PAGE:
Thursday, 19 September 2013

Redshirts by John Scalzi

Redshirts by John Scalzi was this year's Hugo-winning novel. I listened to the audiobook, which was narrated by Wil Wheaton. As you can probably guess from the cover and title, Redshirts pays homage to all the extras who died in Star Trek, usually while wearing a red shirt.
Ensign Andrew Dahl has just been assigned to the Universal Union Capital Ship Intrepid, flagship of the Universal Union since the year 2456. It’s a prestige posting, and Andrew is thrilled all the more to be assigned to the ship’s Xenobiology laboratory.

Life couldn’t be better…until Andrew begins to pick up on the fact that (1) every Away Mission involves some kind of lethal confrontation with alien forces, (2) the ship’s captain, its chief science officer, and the handsome Lieutenant Kerensky always survive these confrontations, and (3) at least one low-ranked crew member is, sadly, always killed.

Not surprisingly, a great deal of energy below decks is expended on avoiding, at all costs, being assigned to an Away Mission. Then Andrew stumbles on information that completely transforms his and his colleagues’ understanding of what the starship Intrepid really is…and offers them a crazy, high-risk chance to save their own lives.
Redshirts turned out to be less flippant and shallow than I had been led to expect. The universe Dahl and his friends live in is, more or less, perfectly sensible. And yet, the events surrounding the Intrepid and its senior officers are not sensible in any way. We are given a sense of this immediately from the prologue, which highlights the way characters are sometimes inexplicably driven to things they would not usually do. As the story develops we learn more about exactly why this is. In a way, the reader already knows why things are silly, but on the other hand, the exposition is not entirely straight forward. This is a more complex story than it seems on the surface.

My favourite thing about it — which should not surprise long-term readers of my blog — was the way Scalzi highlighted the sloppy worldbuilding and nonsensical physics of those sorts of science fiction sci-fi properties. The rules for the Box, which magically quantum computationally solves medical/biological problems in exactly the right amount of time, amused me particularly. So did the logic holes that baffled the characters themselves. Honestly, a novice writer could learn a lot by noting whether they do any of the things Scalzi brings up.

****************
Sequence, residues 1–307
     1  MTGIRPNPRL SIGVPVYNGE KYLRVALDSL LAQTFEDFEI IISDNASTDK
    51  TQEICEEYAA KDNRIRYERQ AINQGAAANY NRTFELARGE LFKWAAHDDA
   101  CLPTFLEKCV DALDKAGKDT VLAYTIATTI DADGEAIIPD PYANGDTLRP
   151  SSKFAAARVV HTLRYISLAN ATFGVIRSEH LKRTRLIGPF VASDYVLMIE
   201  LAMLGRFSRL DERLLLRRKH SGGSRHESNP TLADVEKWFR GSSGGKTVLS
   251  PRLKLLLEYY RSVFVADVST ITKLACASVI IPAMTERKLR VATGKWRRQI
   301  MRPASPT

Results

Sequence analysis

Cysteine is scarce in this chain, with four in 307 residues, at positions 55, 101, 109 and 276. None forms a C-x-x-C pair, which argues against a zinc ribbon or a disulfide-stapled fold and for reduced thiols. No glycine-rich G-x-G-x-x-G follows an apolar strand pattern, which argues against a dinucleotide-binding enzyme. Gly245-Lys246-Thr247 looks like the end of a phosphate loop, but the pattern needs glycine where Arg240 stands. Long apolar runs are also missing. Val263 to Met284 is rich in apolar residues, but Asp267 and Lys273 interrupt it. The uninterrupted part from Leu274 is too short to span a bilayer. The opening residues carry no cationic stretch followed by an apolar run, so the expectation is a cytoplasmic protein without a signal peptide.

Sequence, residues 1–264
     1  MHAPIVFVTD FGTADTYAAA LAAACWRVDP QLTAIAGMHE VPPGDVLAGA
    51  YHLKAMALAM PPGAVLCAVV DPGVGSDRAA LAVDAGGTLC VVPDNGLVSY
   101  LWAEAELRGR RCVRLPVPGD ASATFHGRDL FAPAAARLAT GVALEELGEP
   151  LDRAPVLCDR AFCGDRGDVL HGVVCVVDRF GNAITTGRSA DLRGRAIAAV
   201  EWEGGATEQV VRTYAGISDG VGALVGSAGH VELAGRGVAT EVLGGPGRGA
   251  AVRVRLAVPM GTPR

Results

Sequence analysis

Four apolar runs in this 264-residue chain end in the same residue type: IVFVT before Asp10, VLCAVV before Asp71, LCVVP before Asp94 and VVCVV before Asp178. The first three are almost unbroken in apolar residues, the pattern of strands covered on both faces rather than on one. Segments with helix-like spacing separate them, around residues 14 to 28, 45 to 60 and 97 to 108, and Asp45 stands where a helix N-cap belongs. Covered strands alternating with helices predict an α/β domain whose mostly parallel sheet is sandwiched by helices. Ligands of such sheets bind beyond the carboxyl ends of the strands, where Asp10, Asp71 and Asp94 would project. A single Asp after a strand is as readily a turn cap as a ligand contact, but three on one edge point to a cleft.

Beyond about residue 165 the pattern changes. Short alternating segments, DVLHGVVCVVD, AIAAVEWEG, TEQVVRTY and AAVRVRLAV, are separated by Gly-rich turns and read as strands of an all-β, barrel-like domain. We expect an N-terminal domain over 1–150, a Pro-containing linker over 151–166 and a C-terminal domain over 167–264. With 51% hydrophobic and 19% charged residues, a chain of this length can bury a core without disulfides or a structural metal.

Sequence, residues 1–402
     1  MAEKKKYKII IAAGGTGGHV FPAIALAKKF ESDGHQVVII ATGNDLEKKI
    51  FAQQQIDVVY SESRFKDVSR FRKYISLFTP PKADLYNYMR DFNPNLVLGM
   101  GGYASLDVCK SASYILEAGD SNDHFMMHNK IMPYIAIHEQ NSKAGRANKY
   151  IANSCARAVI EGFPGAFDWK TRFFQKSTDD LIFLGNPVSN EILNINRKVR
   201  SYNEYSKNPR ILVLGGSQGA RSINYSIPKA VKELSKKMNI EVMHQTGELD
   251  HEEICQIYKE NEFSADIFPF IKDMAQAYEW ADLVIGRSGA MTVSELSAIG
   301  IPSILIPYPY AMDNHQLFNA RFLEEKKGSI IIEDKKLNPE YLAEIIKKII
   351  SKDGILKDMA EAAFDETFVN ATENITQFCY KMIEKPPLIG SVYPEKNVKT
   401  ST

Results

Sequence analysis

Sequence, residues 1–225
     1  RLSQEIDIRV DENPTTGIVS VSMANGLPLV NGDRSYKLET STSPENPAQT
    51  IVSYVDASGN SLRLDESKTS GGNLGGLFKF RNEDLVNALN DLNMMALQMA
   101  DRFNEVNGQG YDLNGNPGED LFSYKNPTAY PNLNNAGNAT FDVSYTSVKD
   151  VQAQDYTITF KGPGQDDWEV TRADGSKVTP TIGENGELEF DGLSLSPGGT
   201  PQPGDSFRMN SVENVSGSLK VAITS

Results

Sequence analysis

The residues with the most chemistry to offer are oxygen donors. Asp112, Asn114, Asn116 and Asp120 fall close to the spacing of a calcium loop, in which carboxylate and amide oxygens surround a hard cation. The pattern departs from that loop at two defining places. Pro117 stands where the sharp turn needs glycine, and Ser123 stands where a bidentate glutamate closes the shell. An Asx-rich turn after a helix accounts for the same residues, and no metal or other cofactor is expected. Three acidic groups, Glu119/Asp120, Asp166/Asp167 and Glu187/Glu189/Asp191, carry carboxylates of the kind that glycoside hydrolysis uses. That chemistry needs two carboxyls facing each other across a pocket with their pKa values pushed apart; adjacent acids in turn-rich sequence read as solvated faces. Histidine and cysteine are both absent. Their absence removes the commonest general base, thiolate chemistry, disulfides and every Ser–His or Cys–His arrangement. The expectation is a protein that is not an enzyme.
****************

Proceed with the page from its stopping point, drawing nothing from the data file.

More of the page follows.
The subtitle of Redshirts is A Novel With Three Codas and I would be remiss if I did not mention them. After a story that puts disposable extras peripheral characters in the spotlight, the codas highlight the stories of characters on the fringes of Dahl's story, who are all touched significantly by the events of the novel, but whose stories don't fit into the main arc at all. The whole thing gets a bit meta.

Despite all the scathing commentary of the sci-fi genre, Scalzi brings a great deal of empathy and emotional significance to the tale. Even before we get to know any of the characters well, we feel bad for them. As we do get to know them better, the possibility of their deaths becomes heart-wrenching (and since they are still redshirts in their universe, it was difficult to predict who would survive a particular situation (except in retrospect). For a story that looks flippant on the surface, it was surprisingly heart-wrenching.

I have not watched much Star Trek (all I remember clearly are the two JJ Abrams movies) but as a geek the concept of a redshirt was in no way foreign to me. I expect that most geeks would enjoy Redshirts — and understand the concept — whether or not they are Trekkies. Highly recommended read/listen. People with little familiarity with sci-fi or science fiction probably won't get as much out of it, however.

4.5 / 5 stars

First published: 2012
Series: No
Format read: Audiobook
Source: Purchased on sale from Audible

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